It’s been a tough week.
Like many teachers, I’ve found myself feeling lost—and feeling loss. After staying up much of the night on Tuesday, I woke up on Wednesday, November 9, unsure of how I would teach that day, unsure of what to say to my students, unsure how to be around them in a way that was authentic and meaningful and important. In many ways, the campaign and election results challenged and upended so much of what I believed was the work I do as a teacher and what I try to teach students: how to be kind, compassionate, and respectful, yes, but also how to use reason and logic to test claims and evidence, to know the difference between fact and falsehood. The ground shifted after Tuesday, and I didn’t know where—or how—to stand and keep walking.
But I kept walking. It’s what teachers have always done—walk into their classrooms every morning with purpose, conviction, and most of all, hope.
Most of all, hope.
So I walked into my classroom Wednesday morning and took a deep breath. After settling students down, I told them that before we begin that I wanted to say something briefly as their teacher. These weren’t my exact words, but they went something like this:
As a teacher, I am politically neutral. I may have political beliefs, but when I’m in school, I’m only partisan for you.
That said, we’re all human beings. And as teachers and students, we bring the outside world into school with us. We can’t help it. We can’t pretend that the outside world doesn’t affect who we are when we’re in this building. It would be disingenuous to pretend otherwise. Especially today after the election.
I know a lot of you have been talking about the election. I know I’ve heard a lot of conversation about it, in the parking lot, between classes, in the hallways, before class, after class. And there have been a lot of varying reactions. On one hand, some students feel afraid, unsure, upset. Other students feel excited, joyous, gleeful. I’ve heard and seen the entire range of emotions.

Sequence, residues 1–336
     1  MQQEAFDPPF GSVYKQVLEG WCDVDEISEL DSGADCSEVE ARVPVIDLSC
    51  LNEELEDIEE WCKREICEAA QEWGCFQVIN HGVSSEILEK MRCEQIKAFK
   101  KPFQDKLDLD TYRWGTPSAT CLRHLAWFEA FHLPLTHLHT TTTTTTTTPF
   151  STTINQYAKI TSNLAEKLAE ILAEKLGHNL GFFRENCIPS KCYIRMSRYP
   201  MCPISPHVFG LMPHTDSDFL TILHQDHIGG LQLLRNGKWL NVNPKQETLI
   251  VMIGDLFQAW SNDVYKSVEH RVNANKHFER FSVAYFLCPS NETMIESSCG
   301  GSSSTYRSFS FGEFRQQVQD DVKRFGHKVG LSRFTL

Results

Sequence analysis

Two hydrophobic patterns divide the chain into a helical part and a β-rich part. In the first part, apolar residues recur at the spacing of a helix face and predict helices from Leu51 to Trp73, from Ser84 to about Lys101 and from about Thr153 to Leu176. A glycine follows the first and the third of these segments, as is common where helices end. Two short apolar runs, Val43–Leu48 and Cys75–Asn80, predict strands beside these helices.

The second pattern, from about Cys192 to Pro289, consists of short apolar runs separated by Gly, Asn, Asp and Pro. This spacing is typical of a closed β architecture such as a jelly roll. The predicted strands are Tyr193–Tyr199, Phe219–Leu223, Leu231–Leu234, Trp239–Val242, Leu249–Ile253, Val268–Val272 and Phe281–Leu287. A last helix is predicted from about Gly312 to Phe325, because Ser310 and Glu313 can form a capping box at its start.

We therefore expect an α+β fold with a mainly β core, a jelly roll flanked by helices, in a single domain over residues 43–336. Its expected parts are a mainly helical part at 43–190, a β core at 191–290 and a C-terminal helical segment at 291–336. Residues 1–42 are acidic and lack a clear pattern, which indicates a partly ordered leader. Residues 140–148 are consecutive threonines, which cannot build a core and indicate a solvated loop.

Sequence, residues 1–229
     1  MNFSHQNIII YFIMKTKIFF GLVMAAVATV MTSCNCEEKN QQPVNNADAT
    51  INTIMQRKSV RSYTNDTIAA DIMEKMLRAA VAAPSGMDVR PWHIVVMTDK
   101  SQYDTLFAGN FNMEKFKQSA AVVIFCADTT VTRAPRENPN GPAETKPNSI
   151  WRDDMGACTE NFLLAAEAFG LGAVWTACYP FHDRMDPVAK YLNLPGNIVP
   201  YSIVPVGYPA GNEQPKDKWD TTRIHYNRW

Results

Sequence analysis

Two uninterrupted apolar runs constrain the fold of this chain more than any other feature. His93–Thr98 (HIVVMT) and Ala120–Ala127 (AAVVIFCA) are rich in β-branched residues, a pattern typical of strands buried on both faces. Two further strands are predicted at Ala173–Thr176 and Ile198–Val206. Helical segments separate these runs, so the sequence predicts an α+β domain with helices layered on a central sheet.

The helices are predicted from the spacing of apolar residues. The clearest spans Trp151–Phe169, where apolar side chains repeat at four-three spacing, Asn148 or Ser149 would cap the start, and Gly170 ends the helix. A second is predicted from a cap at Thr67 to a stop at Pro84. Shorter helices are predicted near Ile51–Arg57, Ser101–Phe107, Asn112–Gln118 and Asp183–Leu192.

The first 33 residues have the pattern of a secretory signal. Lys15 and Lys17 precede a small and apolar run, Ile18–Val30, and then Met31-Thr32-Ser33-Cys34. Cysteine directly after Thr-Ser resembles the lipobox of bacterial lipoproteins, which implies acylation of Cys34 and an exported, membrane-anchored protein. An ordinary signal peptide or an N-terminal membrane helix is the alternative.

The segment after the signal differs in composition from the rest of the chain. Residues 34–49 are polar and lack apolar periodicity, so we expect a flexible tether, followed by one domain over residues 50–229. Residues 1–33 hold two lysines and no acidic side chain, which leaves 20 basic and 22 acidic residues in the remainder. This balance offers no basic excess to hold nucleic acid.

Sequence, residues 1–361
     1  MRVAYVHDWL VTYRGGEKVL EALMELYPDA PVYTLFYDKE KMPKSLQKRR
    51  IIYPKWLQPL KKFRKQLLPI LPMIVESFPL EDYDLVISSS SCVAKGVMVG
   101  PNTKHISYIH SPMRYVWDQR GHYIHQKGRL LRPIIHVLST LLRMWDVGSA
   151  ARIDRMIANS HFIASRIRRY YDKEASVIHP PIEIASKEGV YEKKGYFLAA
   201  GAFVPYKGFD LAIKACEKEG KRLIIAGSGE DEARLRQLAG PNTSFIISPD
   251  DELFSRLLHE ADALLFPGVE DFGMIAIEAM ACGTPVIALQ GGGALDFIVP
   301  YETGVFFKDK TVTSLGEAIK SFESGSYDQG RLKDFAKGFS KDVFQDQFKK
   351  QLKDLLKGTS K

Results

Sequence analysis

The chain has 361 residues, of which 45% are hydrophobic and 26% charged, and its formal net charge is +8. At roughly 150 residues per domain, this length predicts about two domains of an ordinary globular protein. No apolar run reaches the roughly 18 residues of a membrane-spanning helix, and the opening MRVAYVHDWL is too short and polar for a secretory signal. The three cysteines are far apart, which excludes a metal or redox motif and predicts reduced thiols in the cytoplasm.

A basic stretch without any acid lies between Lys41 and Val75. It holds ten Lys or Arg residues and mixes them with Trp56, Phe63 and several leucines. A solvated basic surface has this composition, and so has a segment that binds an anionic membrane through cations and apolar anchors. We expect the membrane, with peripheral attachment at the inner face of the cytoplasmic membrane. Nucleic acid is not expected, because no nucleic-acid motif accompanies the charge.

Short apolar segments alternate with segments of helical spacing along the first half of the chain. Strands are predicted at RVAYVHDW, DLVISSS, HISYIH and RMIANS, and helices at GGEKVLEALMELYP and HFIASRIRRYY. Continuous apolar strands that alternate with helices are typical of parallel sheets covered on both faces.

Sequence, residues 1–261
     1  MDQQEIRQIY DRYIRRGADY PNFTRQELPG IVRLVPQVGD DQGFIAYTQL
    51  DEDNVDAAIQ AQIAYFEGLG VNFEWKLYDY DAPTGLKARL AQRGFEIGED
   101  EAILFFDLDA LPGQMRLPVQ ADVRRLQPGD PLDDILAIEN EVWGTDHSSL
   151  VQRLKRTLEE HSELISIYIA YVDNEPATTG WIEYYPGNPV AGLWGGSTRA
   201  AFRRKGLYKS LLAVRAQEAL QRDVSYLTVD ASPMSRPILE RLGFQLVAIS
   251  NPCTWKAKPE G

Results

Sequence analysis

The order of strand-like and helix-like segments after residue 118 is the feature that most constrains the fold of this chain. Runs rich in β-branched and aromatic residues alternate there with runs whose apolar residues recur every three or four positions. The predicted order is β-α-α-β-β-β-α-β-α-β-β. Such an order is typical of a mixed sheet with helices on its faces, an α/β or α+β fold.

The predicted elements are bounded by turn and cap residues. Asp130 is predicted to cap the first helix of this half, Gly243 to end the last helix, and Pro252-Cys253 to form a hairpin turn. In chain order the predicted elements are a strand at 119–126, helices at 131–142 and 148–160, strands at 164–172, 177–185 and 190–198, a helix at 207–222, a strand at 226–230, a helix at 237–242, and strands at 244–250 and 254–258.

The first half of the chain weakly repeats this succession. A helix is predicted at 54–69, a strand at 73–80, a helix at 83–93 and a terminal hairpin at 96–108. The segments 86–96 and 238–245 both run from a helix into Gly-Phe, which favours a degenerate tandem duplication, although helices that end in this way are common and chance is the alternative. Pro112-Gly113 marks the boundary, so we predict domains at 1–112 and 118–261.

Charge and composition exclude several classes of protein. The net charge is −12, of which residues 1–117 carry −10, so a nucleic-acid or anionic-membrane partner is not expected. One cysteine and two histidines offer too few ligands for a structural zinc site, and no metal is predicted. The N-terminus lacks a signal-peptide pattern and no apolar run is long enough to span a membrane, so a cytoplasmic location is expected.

With emotions running high, it’s clear that many of us are divided. So it’s important now, more than ever, to try to temper our words. Words are powerful. Whether you are upset or happy about the results, I ask that you try to come back from the extremes and the edges of how you’re feeling. Come back to the middle. You should talk about the election, because talk is a way of processing, and I think we all need to process.
But I ask that when you do talk about the election, try to approach each conversation you have with a sense of empathy and compassion. Try to engage in conversation not to be understood, but to understand others, especially those you might disagree with. It’s a tough time; don’t be the person who inflames an already tense situation. Instead, be the person who listens and tries to understand.
And then, for the most part, we went on with class. What did that look like? With my juniors and seniors, it looked like a class full of students writing. “Writing is a way of clarifying, of figuring out what it is we really think and want to say,” I reminded them. So they took out their writer’s notebooks and put pen and thought to paper and wrote for much of the period.
In one of my 9th grade classes, a student raised his hand and asked if I had chosen this week’s Article of the Week. I told students that I hadn’t yet because I was unsure of what to pick. The Article of the Week, I shared, is supposed to be something that’s 1) timely and 2) tells us something about the important conversations people are having out there in the world. But I had been purposely avoiding the election. I was honest with my students and told them that as their teacher, I wasn’t sure what I should do or if I should open that door. But given the results, it would feel false to not choose something related to the election. So I asked my students, what should I do?
One hand went up. “I think we should have an article about the election, but that it should be about the electoral college.”
Around the room, other students nodded in agreement.
Sometimes I think the best teachers we have are our students. And this was one of those moments. Like his peers, I think he understood the position I was in as their teacher. But he wanted to be more informed, and he and his peers want to talk about it. And they need to. And they need adults to guide them.
I thanked the student for his suggestion. It was one of those teaching moments I won’t easily forget. I am grateful for that student, for all my students. He—and they—reminded me that there are ways to act, small but important ways to act in difficult times. He—and they—helped me to navigate a week that has tested so many of my fundamental beliefs about who we are as a country and as people who need to live with and among one another.